Jumis, Latvian God of the Apjumibas Festival

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Jumis

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The Latvian Pagan God Jumis, (pronounced you-miss for English speakers) is an agricultural deity representing fertility and a good harvest. He appears dressed in clothes made from field crops, such as wheat and barley.

Symbol of Jumis The symbol of Jumis has a symmetrical form somewhat like crossed grain flails or (if you use your imagination), a shock of wheat. In some forms the bottom ends are bent up. Any “double fruit” that occurs in nature or in cultivation such as two cherries fused together or two ears of wheat on one stem is considered representative of the God Jumis. If there is a double fruit or ear of grain, it should be left “on the vine” to be used as part of the “catching Jumis” ritual (see below). The symbol is used as a decorative element and it brings good luck to the user. The design is woven into the card-woven belts which are an important traditional folk art among the Latvian and Lithuanian people.

Apjumibas Festival
The name of this festival in Latvian is Apjumibas, after Jumis. It is celebrated at the fall equinox, specifically for the three days, Sept. 22-23-24. This is an after-harvest celebration and it is different than many after-harvest festivals which are usually set closer to Oct 23 or Oct 31, because the Baltic states (Latvia and Lithuania) are so far north. The time between the grain harvest celebration and the slaughter of cattle is very compressed in northern countries because the growing season is so short. Another name for the festival is Mikeli which refers to the archangel Michael, because the feast day of St. Michael also falls at about this time, Sept. 29th according to the Christian church. In Latvian folk belief, St. Michael is the receiver of souls, and it would appear that he has accepted this task from Jumis, simply because his is the next nearest holiday. By the time of the festival, the harvest must all be brought in and stored. After the festival, the “gates of winter” are opened.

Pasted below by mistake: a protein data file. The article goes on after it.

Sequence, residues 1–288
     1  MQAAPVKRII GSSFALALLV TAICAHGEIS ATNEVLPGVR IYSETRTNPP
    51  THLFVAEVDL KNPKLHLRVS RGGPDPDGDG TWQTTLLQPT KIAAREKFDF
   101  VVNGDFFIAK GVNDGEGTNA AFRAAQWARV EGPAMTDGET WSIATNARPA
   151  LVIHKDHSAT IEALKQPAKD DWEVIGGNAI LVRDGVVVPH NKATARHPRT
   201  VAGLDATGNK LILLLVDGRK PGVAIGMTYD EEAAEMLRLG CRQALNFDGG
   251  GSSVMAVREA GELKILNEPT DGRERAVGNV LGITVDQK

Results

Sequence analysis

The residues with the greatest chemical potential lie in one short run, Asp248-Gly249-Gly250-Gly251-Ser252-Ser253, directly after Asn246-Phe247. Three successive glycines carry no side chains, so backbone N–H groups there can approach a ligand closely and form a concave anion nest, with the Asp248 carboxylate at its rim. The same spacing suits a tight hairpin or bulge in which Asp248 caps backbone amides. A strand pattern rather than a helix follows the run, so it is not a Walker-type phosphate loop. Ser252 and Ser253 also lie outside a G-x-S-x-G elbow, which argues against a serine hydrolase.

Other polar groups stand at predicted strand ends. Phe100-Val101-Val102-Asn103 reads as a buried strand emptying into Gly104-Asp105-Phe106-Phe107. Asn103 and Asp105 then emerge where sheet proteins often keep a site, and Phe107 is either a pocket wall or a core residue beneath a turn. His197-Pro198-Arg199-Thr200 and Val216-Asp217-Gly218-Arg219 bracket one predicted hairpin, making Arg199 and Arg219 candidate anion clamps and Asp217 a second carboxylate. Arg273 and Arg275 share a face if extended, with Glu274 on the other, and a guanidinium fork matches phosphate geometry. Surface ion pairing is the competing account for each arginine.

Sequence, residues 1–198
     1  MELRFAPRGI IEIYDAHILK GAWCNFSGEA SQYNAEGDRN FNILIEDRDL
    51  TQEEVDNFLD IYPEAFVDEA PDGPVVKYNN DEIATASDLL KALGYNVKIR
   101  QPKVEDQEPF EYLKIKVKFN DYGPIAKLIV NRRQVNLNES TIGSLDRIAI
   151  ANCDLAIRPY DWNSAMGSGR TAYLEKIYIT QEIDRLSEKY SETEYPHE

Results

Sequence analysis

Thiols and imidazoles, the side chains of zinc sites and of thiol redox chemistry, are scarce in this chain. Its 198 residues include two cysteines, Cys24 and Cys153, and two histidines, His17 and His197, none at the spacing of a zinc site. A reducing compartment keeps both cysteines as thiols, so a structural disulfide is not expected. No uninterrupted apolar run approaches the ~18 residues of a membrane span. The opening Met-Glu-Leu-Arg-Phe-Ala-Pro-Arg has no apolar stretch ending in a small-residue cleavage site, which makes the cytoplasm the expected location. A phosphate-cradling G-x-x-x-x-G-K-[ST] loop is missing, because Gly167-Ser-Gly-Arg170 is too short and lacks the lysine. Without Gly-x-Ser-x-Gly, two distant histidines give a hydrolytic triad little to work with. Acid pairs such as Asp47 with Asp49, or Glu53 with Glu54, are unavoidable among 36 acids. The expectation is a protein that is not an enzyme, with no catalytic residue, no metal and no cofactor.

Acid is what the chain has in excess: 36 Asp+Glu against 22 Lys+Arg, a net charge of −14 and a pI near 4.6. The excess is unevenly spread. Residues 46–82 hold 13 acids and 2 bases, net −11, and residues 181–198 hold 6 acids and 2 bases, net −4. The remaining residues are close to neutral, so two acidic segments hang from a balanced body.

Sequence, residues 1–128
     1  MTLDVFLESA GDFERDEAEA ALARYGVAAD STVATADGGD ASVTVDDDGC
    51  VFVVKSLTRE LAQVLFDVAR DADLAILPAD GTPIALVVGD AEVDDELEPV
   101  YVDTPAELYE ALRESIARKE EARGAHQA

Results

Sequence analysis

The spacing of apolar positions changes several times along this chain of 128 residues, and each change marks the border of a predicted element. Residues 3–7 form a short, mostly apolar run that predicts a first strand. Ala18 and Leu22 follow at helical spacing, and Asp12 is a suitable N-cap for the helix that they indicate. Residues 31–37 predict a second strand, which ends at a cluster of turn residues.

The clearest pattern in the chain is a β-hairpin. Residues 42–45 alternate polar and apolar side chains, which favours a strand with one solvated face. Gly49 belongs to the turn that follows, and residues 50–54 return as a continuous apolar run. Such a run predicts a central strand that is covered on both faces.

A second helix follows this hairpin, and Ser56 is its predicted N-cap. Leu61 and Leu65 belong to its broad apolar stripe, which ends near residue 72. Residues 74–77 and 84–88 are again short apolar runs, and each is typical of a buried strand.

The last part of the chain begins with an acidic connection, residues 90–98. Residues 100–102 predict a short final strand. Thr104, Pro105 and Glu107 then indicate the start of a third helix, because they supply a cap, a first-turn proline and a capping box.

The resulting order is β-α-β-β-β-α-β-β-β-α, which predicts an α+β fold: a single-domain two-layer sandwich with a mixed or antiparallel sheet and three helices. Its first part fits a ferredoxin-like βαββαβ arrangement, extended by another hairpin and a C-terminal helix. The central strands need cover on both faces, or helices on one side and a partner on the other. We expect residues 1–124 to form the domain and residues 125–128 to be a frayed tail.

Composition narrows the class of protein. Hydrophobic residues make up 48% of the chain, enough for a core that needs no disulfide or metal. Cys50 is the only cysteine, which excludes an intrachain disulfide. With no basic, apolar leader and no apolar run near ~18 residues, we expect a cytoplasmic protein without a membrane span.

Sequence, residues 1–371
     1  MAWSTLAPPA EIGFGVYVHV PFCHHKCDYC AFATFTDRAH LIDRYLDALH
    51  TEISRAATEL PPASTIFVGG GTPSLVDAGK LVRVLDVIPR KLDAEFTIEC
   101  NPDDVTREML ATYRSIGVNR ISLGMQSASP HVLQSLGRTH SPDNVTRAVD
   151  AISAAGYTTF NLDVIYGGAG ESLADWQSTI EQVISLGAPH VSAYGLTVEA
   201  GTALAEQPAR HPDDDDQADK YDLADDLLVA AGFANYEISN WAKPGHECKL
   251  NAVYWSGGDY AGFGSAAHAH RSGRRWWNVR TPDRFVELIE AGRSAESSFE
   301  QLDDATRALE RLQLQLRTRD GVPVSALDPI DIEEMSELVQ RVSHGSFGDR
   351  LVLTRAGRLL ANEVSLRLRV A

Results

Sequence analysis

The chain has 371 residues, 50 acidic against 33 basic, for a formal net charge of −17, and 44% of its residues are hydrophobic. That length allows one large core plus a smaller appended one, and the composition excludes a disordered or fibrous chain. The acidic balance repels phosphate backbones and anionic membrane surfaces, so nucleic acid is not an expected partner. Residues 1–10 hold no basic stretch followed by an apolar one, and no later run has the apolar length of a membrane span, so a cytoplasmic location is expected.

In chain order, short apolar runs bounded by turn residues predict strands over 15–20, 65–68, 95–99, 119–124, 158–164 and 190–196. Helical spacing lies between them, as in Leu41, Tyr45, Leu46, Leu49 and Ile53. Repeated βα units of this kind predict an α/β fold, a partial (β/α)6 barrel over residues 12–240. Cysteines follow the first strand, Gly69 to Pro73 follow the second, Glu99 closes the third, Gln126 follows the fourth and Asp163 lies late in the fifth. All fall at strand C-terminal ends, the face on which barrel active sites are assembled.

Catching Jumis
At the end of reaping, a “Catching Jumis” ritual occurs in the grain fields which is intended to capture his spirit and his fertility for the fields of a village. A clump of uncut grain, (preferably one with a double ear) is left in the field. It is tied in a bundle and the top is pushed down and weighed down with a stone or soil to press it into the ground. This is thought to direct the fertility of the field back into the soil where it will be available for the grain crop next year. Sometimes the sheaf is plaited into a wreath or braid and presented to a high status woman in the community who keeps it until spring. In the spring any seeds will be rubbed out and scattered over the field and the entire wreath is planted under a rock in the field.

When the harvest is done, Jumis is celebrated with a community feast which includes a special Jumis loaf, and responsorial singing, dancing and fertility rituals. There are many dainas or sacred songs for Jumis, like this one (No. 50242, given on pages 262-268 of Vol. 9 of the Latviešu Tautas Dziesmas):

Jumeits meklej Jumaleņas
Pa teirumu staiguodams
Bruoleits meklei līgaveņas
Nu muoseņom viacuodams.

Relationship to other Indo-European Gods
Jumis means ‘twin’ in Latvian and is the cognate form of the Proto-Indo-European God whose name Yama means “twin” and who represents the ox which was sacrificed to make the world in the standard Indo-European creation myth. It is this Proto-Indo-European God who developed into the various Gods and saints among the Indo-European speakers. I have not seen anything in Latvian sources that shows that Jumis has any “cow” characteristics although that is one of the most obvious features of forms of this God in other Indo-European languages. However it seems likely that Jumis was the original receiver of souls, as is Yama. And in any case, if the reaping ritual involves “catching Jumis” he is clearly not a “vegetation” spirit, but must represent some sort of animal. [fuggle26]

Reference
Latviešu Tautas Dziesmas (Latvian Dainas or sacred songs), ed. by A. Švābe, K. Straubergs, E. Hauzenberga-Štarma, Imanta, Copenhagen, 1956. The Latviešu Tautas Dziesmas are available on the net at the University of Virginia site.

This article was published at pierce.yolasite.com/jumis but Yola went out of business, so it is now republished here.

© 2007, last updated 3/1/2015, piereligion.org/jumis.html